Large–small bank           11         76      1.00∗     0.31       20          119      0.82∗      0.41
    Small–small bank            2          5      0.53     −1.07        4            8      4.76       5.37∗
Borrowers of                   12         78     −0.76∗∗   −1.29       24          210     −0.45      −0.59
  Target Banks
  Larger firms                  6         44     −0.39    −0.92        17          120     −0.30      −0.71
    Large–large bank            3         41     −0.12    −0.65        12          115     −0.22      −0.62
    Large–small bank            2          2     −0.51    −1.67         3            3      0.75      −1.44
    Small–small bank            1          1    −11.3∗∗∗ −10.60∗∗       2            2     −5.94∗∗∗   −4.51
  Smaller firms                10         34     −1.24∗ −1.76          21           90     −0.64      −0.44
    Large–large bank            3         25     −1.77∗∗ −3.70∗        12           79     −0.87∗∗    −1.01
    Large–small bank            4          5      0.36     1.74         4            5      0.36       1.74
    Small–small bank            3          4      0.06     6.01∗        5            6      1.54       5.25
Borrowers of                   22       1,515     0.06     −0.05       48         3,389    −0.02      −0.23
  Rival Banks
  Larger firms                 22        821      0.04      0.20       48         1,828    −0.02       0.01
    Large–large bank            4        121      0.22      0.14       14           429    −0.04       0.00
    Large–small bank           13        460     −0.16     −0.30       22           844    −0.14      −0.32
    Small–small bank            5        240      0.33      1.18∗∗     12           555     0.18       0.51
  Smaller firms                22        694      0.09     −0.34       48         1,561    −0.02      −0.51∗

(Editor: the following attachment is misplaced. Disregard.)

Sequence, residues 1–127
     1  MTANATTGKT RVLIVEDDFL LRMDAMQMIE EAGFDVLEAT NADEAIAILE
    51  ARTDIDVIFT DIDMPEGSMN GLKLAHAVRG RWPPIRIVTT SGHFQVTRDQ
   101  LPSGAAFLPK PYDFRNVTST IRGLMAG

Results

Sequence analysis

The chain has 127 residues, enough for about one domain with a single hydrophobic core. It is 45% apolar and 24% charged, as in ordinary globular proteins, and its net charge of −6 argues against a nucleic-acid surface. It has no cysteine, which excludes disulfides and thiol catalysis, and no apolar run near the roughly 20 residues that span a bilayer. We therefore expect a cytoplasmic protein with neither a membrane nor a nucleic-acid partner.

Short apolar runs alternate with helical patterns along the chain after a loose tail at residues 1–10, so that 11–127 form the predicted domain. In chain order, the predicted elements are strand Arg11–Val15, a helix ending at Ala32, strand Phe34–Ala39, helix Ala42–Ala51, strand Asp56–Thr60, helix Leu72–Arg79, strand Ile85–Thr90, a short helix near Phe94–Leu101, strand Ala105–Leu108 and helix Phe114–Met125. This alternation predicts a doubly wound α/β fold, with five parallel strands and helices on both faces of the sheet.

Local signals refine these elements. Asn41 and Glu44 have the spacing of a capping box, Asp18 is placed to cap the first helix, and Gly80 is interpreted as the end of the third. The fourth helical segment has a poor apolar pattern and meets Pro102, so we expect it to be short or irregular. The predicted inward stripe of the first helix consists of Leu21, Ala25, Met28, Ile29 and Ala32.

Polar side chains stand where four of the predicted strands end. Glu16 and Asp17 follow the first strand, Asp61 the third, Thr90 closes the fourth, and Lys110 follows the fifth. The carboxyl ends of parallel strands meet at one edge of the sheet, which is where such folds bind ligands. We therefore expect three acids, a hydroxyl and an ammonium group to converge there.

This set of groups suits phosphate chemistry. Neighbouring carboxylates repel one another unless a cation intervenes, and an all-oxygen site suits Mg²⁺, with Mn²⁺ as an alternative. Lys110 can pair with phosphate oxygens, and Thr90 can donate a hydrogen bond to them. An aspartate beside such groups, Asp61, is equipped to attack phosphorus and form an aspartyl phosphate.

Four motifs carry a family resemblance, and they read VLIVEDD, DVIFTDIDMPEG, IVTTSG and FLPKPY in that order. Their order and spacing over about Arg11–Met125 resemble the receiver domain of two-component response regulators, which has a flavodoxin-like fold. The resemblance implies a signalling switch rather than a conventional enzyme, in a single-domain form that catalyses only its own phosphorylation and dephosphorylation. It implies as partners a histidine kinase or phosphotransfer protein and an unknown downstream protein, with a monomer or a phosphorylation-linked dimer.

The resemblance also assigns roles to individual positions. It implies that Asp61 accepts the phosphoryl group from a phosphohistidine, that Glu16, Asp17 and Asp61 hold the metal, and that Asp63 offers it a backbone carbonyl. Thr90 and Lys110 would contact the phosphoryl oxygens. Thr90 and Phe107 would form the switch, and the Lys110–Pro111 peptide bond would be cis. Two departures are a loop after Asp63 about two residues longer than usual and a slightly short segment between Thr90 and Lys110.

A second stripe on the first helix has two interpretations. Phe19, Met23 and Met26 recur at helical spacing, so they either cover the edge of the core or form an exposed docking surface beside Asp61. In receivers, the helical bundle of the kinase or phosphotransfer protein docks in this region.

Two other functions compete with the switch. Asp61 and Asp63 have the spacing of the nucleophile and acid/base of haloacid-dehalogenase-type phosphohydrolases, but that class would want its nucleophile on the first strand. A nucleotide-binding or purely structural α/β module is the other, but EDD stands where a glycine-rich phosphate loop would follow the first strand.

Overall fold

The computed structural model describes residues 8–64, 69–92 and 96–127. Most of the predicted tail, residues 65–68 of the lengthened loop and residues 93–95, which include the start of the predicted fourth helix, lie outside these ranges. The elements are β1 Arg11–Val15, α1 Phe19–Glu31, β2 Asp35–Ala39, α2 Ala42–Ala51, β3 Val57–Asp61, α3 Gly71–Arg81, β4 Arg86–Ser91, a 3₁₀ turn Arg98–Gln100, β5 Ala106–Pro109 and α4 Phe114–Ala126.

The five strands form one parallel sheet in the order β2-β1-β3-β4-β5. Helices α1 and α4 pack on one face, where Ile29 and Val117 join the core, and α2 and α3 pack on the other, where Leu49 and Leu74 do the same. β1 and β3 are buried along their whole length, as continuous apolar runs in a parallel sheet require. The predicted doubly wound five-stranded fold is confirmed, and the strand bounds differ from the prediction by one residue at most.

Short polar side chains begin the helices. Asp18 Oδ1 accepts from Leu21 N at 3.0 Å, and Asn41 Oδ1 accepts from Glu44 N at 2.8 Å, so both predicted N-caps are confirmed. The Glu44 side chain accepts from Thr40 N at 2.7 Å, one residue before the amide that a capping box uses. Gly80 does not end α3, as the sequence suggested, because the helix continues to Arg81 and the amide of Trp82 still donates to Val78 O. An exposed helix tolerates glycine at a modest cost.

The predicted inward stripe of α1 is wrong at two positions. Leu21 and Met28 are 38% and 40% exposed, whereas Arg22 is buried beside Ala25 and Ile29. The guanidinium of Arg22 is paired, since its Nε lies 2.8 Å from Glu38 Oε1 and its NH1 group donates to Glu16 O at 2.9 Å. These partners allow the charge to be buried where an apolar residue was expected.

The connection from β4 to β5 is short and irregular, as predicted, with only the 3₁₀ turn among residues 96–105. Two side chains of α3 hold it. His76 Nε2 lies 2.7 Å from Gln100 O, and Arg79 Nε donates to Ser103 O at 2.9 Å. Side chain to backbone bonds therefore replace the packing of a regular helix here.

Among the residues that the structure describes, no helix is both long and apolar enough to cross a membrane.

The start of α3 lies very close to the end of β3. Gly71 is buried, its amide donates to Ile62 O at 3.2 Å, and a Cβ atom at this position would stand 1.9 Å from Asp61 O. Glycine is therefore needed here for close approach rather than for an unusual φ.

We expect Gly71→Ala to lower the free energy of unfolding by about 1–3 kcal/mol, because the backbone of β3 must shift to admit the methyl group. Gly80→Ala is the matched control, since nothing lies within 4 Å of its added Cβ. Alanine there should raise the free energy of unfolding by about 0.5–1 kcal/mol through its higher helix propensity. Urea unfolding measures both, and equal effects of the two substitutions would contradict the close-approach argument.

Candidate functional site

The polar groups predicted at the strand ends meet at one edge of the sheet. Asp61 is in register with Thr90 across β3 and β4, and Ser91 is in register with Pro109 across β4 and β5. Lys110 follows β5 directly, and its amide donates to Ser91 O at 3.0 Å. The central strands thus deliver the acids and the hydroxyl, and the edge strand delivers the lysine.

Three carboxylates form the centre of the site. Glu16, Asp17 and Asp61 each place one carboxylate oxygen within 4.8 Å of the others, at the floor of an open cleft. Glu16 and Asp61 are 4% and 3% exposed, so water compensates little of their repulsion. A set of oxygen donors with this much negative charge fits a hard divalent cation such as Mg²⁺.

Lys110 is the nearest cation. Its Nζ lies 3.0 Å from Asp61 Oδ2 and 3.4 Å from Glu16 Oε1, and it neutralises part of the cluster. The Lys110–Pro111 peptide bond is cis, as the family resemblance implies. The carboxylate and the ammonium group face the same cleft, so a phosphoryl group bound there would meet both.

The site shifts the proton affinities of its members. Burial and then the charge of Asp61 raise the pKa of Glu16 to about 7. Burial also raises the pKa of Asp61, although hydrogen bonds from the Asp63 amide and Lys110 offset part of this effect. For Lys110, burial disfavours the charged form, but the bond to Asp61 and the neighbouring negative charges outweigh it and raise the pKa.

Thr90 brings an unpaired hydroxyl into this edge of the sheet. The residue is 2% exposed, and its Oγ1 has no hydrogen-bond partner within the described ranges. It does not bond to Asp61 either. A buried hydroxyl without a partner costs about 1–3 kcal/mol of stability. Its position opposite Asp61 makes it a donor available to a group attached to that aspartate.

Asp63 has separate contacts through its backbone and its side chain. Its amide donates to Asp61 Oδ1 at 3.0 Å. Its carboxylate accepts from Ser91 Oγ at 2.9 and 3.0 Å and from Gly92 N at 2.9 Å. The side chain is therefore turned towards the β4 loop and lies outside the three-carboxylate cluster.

Large–large bank            4        131      0.62     −0.05       14           446    −0.06      −1.15
    Large–small bank           13        393     −0.13     −0.95       22           716    −0.15      −0.56∗
    Small–small bank            5        170      0.19      0.86       12           399     0.25       0.29
∗ , ∗∗ ,   and ∗∗∗ indicate significance at the 10%, 5%, and 1% levels, respectively.



  Acquiring borrowers generally benefit from most types of bank mergers,
though the CARs are not always statistically significant. For all borrowers
of acquiring banks in all mergers, CAR(−3, 0) is 0.85% and significant, but
AR(0) is 0.29% and not significant. Results are similar for larger borrowers
in Large–Large and Large–Small mergers. For smaller borrowers of acquiring
2062                        The Journal of Finance

banks in Large–Small mergers, AR(0) is 1.00% and significant at the 10% level
but CAR(−3, 0) is 0.31% and not significant.
   To determine whether borrowers of target and acquiring banks react differ-
ently to bank merger announcements, we test whether the difference in their
abnormal returns is statistically different from 0. Across all mergers, the av-
erage AR(0) and CAR(−3, 0) is higher for acquiring borrowers at the 1% level.
For both smaller and larger borrowers separately, acquiring borrowers have
a statistically higher average CAR(−3, 0) in all mergers and in Large–Large
mergers, so acquiring borrowers fare better than target borrowers, especially
in Large–Large mergers.
   These results indicate that size matters, even in lending to publicly traded
borrowers. Smaller borrowers are harmed in relatively large bank mergers, but
these firms benefit from small bank mergers. However, the borrower’s affilia-